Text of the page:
Articles like Heffernan’s might encourage some Americans to change their ways, but they are few and far between—on the order of about one article per year, if that. In October 2010, for instance, The New York Times, carried a nice, critical article about a new health Q&A site called Sharecare.com under the headline, “Web Site to Offer Health Advice, Some of It From Marketers,” but buried it on page four of the Business section. In January 2009, The Wall Street Journal carried a good explainer on the front of its Personal Journal section headlined, “What’s New (Or Improved) In Health Sites.” In a July 2007 piece headlined, “Need a New Knee? Click Here,” The Washington Post “test drove some the online tools provided by area health insurers to see how they performed for three common medical needs - total knee replacement, mammography, and pricing prescription drugs.”

Go back even farther and you’ll only find a handful of similar articles published in the last ten years. The most impressive and comprehensive of them appeared in the Post in May 2000 under the headline, “Behind the Screens; Who are the companies behind the Web sites competing to provide you with health information? Can you trust them with your life?” Craig Stoltz, the paper’s health editor at the time, analyzed eight commercial information sites for the piece, which weighed in at an impressive 6,233 words (it’s unavailable online, unfortunately). Stoltz, who is now the managing editor of Healthcare.gov—a website created to help Americans understand the healthcare reform legislation signed into law last year—said in an interview that it seemed like an obvious story to do at the time.

“It was just inherent skepticism because so many people were flocking online,” he said. “I felt it was important for people to have their eyes open to the different quality of information out there and what sort of conflicts to look out for. And I was the section editor, so I didn’t have to sell it very hard.”

Stoltz thought Heffernan’s analysis was “dead on,” and argued that there is a fundamental difference between for-profit sites like WebMD and nonprofits like Mayo. “Many of these sites in the category of commercial enterprises are really designed to attract eyeballs on behalf of pharmaceutical advertisers, and no matter how much they deny it, it infects what they do,” he said, adding that he can speak with some authority on the matter. After leaving the Post in 2006, he worked for eight months as the editorial director of Revolution Health.

“One of my first jobs was to license all of this information provided by places like Mayo and the Cleveland Clinic [also world-renowned non-profit research hospital],” he said. “So our content was built around the core of this very credible, dispassionate stuff, but it tended to be framed more in response to commercial concerns … it’s very hard to live in that environment, where you have advertisers who want to appear directly across from a specific piece of content.”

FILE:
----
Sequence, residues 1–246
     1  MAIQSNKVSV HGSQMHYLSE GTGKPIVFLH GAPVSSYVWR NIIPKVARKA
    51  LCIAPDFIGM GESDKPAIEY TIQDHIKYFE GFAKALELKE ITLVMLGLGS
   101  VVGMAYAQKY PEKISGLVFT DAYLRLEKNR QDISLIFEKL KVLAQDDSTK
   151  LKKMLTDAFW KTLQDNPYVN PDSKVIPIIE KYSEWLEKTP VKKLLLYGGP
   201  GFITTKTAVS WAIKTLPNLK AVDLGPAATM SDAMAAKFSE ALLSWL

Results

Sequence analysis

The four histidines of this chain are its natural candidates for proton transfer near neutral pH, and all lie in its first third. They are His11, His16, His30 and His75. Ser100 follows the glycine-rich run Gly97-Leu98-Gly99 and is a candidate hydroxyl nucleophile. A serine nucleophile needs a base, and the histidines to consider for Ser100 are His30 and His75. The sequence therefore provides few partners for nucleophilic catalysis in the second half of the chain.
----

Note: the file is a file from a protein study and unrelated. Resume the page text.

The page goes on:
The landscape is rapidly changing, however. Stoltz was surprised to see the Pfizer ad on the Mayo Clinic’s fibromyalgia page, for example. Ginger Plumbo, a spokesperson for Mayo, says that the site has taken medical ads since in launched in 1995, but there have been other changes. In 2009, Mayo signed a deal with the Everyday Health Network to expand its advertising to include general consumer products like cars and cosmetics (however, a MedCity News article about the partnership reported that ad revenue is a secondary breadwinner for the site, which relies mostly on creating personalized health portals for private organizations).

There also used to be two separate Mayo sites—MayoClinic.com, which focused on providing health information, and MayoClinic.org, which focused on the clinic and its services. They merged into a single site in January, Plumbo said, and there is now a higher level of integration between general health information and information about treatments and services offered by the clinic. Other non-profits are pursuing similar strategies. The Cleveland Clinic’s main website does not accept advertising, but it unveiled a sister site in July 2009, called Cleveland Clinic Health, which does. One health reporter contacted for this review thinks these developments at Mayo and Cleveland Clinic are an indication that nonprofits are not any more “dispassionate” about pushing services than for-profits.

In light of such changes and the many subtle factors that affect a site’s credibility, Stoltz agreed it would be very useful to have some sort of regularly updated database that people could use to evaluate different sites. The closest anyone has come to building such a thing was HealthRatings.org, a creation of Consumer Reports’s WebWatch project that launched in 2005 and evaluated the top twenty health information sites. WebWatch shutdown in 2009 when its grant-derived funding ran out, however, and the ratings are no longer available online.

Thomas Goetz, the executive editor of Wired magazine, who has written extensively about personal health and information technology, said that “it’s easy to scapegoat the pharmaceutical industry” when evaluating sites, arguing that drugs often do help people. He stressed, however, that all information providers should be sensitive to the general public’s propensity for “cyberchondria.” Outlined in a survey performed by Microsoft in 2008, the term describes people’s tendency to gravitate toward the worst-case—and most unlikely—explanations for symptoms (a brain tumor, rather than caffeine withdrawal, in relation to a headache, for example).